How the COVID-19 Pandemic Will Impact the Presidential Transition
By Christina Condreay and Alex Tippett
The winner of this November’s presidential election will face daunting challenges—a devastating pandemic, a major economic crisis, civil unrest stemming from racial inequality and a long list of pressing domestic and national security issues. These are momentous times that accentuate the need for presidential transition planning, whether it’s a first term for Democratic candidate Joseph Biden or a second term for President Donald Trump.
The COVID-19 pandemic and its fallout will impact presidential transition planning in four key areas:
- Planning a budget and policy agenda.
- Making priority appointments to top federal jobs.
- Developing executive actions.
- Creating the White House organizational structure.
Additionally, a first-term Biden administration will have to consider a fifth area–the preparation for “landing teams” that are deployed by incoming presidential administrations to review agencies operations and policies.
The president’s budget must balance the immediate needs stemming from the pandemic and the economic crisis along with the long-term policy agenda
The president’s budget is an important opportunity to signal the priorities of an administration, shape the congressional debate and shore up alliances.
In 2021, the president’s budget will come on the heels of congressional approval of several trillion dollars in stimulus spending in 2020 and will involve weighing trade-offs between the administration’s long-term policy agenda and the requirements dictated by the current crises. This will necessitate a high-stakes appraisal—the funding choices in this budget could shape the economic and political landscape for the next four years. Due to these challenges, work on the budget should begin early and be given greater attention and resources than in previous election cycles.
Chris Lu, the executive director of the President Barack Obama’s 2008-2009 transition, said the severe financial crisis occurring when Obama took office pushed many policy concerns “to the backburner.” Transition planners should develop the budget to highlight major policy goals for the year ahead even if the immediate crisis remains the top priority.
Staffing the government during a crisis requires focusing on both immediate needs and second-order issues
Presidents are responsible for appointing about 4,000 officials throughout the federal government. A new president must fill these positions from scratch while second-term presidents often face significant staff turnover. According to previous research by the Partnership for Public Service, the first year of a second term coincides with an average turnover rate of more than 40% for senior leadership positions. Both before and after the Nov. 3 election, it is critical for transition planners to focus on public health and economic policy appointees who will be responsible for overseeing the response to the COVID-19 pandemic and the sagging economy.
The specific priority positions will depend on how a new administration structures its response, while a second-term administration may take the opportunity to reshape its efforts. A Cabinet-led response will require the administration to prioritize agency leadership positions while a response driven by the White House will call for a different staffing structure. Transition planners should develop a clear picture of what the post-election COVID-19 response will look like and identify key personnel for this effort.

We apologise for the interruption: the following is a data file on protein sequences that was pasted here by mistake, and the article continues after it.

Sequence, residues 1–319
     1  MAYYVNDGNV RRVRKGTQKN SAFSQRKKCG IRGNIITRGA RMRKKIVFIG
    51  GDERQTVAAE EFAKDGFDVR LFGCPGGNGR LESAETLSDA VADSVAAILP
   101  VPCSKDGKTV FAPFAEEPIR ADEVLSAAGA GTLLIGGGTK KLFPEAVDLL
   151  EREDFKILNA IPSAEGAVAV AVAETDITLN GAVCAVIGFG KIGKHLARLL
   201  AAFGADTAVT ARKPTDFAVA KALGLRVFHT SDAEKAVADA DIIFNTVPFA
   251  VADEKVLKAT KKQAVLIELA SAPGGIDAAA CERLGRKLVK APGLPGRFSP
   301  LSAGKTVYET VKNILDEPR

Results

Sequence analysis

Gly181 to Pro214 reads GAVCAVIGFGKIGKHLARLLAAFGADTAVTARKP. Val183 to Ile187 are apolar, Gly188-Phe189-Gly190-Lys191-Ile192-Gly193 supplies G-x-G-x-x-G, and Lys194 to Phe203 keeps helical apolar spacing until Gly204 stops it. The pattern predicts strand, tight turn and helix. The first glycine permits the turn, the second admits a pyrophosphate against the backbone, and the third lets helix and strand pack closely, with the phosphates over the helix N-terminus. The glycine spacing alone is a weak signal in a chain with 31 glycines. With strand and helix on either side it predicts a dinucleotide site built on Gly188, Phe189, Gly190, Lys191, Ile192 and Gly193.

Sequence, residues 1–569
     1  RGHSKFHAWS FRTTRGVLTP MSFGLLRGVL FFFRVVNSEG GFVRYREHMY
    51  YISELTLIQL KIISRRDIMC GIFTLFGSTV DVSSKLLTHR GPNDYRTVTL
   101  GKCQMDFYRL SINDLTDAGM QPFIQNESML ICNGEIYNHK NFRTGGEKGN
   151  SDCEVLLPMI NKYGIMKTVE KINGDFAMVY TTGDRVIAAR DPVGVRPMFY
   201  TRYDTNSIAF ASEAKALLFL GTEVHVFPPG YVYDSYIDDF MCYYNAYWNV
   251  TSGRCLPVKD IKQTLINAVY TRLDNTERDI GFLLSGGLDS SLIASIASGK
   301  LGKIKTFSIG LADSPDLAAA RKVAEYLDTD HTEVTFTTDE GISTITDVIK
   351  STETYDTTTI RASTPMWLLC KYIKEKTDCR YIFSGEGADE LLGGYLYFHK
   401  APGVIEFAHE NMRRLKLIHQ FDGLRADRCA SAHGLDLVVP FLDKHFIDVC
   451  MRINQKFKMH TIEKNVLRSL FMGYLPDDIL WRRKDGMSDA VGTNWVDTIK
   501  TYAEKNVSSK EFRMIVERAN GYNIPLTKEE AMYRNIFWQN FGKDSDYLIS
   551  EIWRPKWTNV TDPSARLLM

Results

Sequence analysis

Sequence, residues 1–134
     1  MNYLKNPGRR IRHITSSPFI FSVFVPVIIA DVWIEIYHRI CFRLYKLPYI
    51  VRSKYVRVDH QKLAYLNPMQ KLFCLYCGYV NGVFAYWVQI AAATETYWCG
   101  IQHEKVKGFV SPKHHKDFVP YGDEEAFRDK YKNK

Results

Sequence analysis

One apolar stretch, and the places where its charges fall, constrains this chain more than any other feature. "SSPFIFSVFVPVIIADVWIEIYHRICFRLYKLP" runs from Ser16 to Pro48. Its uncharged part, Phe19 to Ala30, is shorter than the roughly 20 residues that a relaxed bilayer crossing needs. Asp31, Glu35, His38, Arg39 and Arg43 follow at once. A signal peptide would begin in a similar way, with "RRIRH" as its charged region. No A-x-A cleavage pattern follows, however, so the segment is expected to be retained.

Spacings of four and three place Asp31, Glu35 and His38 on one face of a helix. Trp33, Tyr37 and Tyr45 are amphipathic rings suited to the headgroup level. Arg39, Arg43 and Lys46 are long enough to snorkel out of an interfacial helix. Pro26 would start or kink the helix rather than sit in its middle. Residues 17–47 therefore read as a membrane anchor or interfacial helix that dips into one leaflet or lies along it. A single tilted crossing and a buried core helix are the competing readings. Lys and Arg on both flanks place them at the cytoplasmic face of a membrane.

The pandemic also has created several second-order threats such as increased cybersecurity risks with a remote workforce as well as greater global instability. The next administration should recognize that successfully navigating the current crises will require filling positions without traditional “pandemic-response” roles in agencies throughout the government.
The pandemic also will create operational challenges for presidential appointees. Procedures will have to be developed for previously routine issues, ranging from how to conduct safe and secure briefings with new appointees to the best way to work with a potentially remote Senate. The challenger’s transition team will need to closely coordinate with the General Service Administration (GSA), which provides the transition with office space, IT equipment and other support.
According to Mary Gibert, the federal transition coordinator at GSA, the groundwork for a virtual transition, however, has already been laid. In the last transition, much of the work was already conducted virtually, with many of personnel choosing to work on GSA-provided devices rather than come into the office. “COVID has not impacted our transition planning,” Gibert says. “We haven’t missed a beat. We’ve kept up with all our statutory requirements.”
Those involved in overseeing a second Trump term will have to ensure the Office of Presidential Personnel can ramp up its efforts to meet an expected turnover of political appointees on top of a high level of current vacancies, and determine where it can improve operations and procedures to better deal with the challenges resulting from the pandemic.
Prioritizing key executive actions will advance policy goals